A group of Hong Kong natives and British expats eager to send an effective message upon the departure of CY Leung and the visit of President Xi Jinping. (Photo credit: Brits for Hong Kong)
The 20th anniversary for the handover of Hong Kong SAR is approaching on 1 July, while Chinese president, Xi Jinping, is paying a visit to the city causing tensions to rise amidst pro-democratic individuals. For them, it is an opportunity to send a message to the president, the local government, and the citizens of Hong Kong who are fuelled by the distrust of Hong Kong’s autonomy. Also, the current Chief Executive of Hong Kong, Leung Chun-ying, will be stepping down from office and succeeded by Carrie Lam who will be under pressure from the expectation of change.
The natural leaders of the pro-democratic movement have been led by the pan-democratic and localist camps, though according to Jack Hazlewood, member of the recent Organised Association of Patriotic Citizens Organised to Serve CY Leung, those camps are “incapable of putting on considered and well thought through protests during the visit – which was part of the motivation for us taking matters into our own hands.” The group aims to execute effective protests through large turnouts and media coverage to initiate change among the local and Chinese authorities. Hazlewood adds: “In approaching this in a humorous way, we feel we can achieve all of these things.”
The group comprises of both expats from the UK and Hong Kong natives who have taken part in protests in Hong Kong. Hazlewood was also spokesperson of ‘Brits for Hong Kong’ which staged a couple of protests last year calling on Westminster to fulfil its legal responsibility to ensure the city’s autonomy.
The group is hosting an event – Leaving Drinks for 689 – on 30 June in Tamar Park ‘celebrating’ CY Leung’s departure. Hazlewood states: “We’ve got a lot of fun activities planned, including red songs (a genre of songs associated with the communist regime) karaoke, drinking games, and much more. The general idea is to make a serious political point whilst also having fun.”
Regarding the incoming government and the next five years, when asked what pro-democratic individuals should strive towards over the next term, Hazlewood replies: “Assuming we see no substantive change, I think the best we could hope for is to ramp up the pressure on both the SAR government and Beijing to deliver on promises of universal suffrage and, hopefully, the permanent shelving of plans to introduce Article 23 [of the Basic Law], amongst many other things. In the long term, I personally believe constitutional reform (along the lines of extending one country, two systems in perpetuity and introducing mechanisms to ensure infringements are not tolerated) to be the most realistic change we could hope for.”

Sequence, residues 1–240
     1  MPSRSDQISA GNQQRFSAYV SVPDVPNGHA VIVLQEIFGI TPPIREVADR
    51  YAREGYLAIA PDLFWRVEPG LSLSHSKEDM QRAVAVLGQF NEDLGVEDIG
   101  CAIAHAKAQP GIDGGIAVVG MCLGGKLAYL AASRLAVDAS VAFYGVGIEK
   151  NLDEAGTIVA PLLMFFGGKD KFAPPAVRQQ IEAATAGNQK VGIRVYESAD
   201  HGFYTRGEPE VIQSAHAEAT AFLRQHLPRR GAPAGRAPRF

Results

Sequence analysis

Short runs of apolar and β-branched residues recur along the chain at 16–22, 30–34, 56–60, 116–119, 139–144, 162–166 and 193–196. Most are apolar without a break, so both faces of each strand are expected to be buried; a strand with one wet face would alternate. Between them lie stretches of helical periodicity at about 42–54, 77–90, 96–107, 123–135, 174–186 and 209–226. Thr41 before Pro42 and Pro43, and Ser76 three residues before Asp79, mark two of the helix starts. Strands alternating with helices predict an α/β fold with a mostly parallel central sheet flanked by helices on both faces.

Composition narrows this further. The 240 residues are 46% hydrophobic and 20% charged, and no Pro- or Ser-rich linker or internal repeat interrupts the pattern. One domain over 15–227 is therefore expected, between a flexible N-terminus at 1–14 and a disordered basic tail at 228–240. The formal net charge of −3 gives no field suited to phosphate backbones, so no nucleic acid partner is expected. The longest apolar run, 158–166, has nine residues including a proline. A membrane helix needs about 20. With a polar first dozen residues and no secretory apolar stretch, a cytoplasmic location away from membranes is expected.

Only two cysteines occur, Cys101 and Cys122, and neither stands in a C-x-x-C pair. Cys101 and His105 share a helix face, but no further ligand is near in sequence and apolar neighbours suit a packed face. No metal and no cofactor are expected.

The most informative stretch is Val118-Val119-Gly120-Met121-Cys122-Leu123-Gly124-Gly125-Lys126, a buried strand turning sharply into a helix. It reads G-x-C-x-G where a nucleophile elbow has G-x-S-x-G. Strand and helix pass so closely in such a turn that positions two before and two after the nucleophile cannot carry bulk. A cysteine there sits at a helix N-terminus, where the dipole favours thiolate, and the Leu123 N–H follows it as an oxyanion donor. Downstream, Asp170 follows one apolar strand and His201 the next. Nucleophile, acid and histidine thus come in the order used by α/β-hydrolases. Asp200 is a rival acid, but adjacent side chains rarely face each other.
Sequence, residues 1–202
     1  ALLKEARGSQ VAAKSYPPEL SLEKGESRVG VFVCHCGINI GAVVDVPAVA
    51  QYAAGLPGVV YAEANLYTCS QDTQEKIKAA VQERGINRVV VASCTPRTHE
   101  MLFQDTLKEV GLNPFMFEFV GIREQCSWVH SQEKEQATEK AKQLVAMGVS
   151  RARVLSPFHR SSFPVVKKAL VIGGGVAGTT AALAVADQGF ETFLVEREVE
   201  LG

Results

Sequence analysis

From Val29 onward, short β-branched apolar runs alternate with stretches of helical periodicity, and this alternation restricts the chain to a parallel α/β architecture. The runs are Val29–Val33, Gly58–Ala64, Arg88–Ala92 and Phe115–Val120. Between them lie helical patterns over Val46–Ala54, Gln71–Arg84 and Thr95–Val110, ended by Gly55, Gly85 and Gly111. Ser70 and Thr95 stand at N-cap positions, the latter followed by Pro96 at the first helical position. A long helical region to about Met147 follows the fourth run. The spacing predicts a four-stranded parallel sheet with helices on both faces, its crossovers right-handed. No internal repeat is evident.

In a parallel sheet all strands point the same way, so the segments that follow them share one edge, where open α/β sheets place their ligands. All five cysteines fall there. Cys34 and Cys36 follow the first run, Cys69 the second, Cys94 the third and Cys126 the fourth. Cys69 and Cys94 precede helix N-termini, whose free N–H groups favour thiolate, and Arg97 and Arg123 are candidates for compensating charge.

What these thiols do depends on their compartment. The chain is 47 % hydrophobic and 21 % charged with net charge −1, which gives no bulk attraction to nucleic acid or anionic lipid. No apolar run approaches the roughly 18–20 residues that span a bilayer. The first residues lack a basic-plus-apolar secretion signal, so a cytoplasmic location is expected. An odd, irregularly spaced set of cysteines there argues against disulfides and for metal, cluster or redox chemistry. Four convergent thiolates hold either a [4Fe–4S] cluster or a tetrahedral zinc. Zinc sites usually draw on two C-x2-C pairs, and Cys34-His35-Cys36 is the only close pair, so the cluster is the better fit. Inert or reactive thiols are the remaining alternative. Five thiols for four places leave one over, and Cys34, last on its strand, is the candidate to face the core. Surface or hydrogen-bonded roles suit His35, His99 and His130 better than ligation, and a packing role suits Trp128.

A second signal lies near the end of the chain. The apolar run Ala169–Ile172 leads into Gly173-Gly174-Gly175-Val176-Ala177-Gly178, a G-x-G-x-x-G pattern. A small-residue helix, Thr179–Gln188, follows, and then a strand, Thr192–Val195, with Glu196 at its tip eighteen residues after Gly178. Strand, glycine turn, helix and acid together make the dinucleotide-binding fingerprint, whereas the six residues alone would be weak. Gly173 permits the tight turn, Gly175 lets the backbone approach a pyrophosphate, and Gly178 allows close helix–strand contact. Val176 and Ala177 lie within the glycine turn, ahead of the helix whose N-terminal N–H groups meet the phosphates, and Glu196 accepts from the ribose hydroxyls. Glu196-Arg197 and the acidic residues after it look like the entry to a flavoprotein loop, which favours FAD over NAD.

Regarding pro-democratic individuals conveying an effective message upon the visit of Xi Jinping, Hazlewood claims that the group is “sending a message that Beijing’s approach to managing Hong Kong is destroying the city as we know it, and ultimately threatening the stability that Beijing is seeking.”
“What Xi must understand is he can control Hong Kong better through controlling it less. At present, all that is being achieved is that he is incurring the wrath of HongKongers, whilst gradually eroding the unique culture of Hong Kong. Most HongKongers aren’t spiteful and genuinely want a constructive relationship with Beijing, but how can anybody stand by in the current circumstances and welcome Xi to Hong Kong with open arms?” He adds.
Authoritative figures from mainland China such as Xi should be met with a loud voice, to send an effective message regarding the “interference of Hong Kong affairs by Beijing” as Hazlewood states.
The push towards democratic progress and universal suffrage in Hong Kong has felt a halt post-1997. In terms of the UK’s influence and involvement with the former colony during this period, Hazlewood explains: “During occupy, the UK government could have made a decisive intervention and pushed for Beijing to deliver on its promise of universal suffrage. In choosing not to, it was the latest in a string of failures.”
“In 2003, when the proposed changes to Article 23 were eventually dropped, the UK government did speak out, including the then PM Tony Blair – who referred to the dropped plans as evidence of “democracy in action”, and proof that One Country, Two Systems was operating as it should.”
Hazlewood stresses that having an international audience and exposing the actions of the Chinese Communist Party (CCP) within Hong Kong’s political framework can limit the extent to which democratic progress is hindered. He suggests: “Constant communication with the UK government through writing letters to and meeting with Ministers, Members of Parliament and Lords with an interest in Hong Kong is the way forward, to ensure that Hong Kong isn’t forgotten by the UK government and to press the FCO to put pressure on Beijing when necessary, both through diplomatic channels and openly in the media.”
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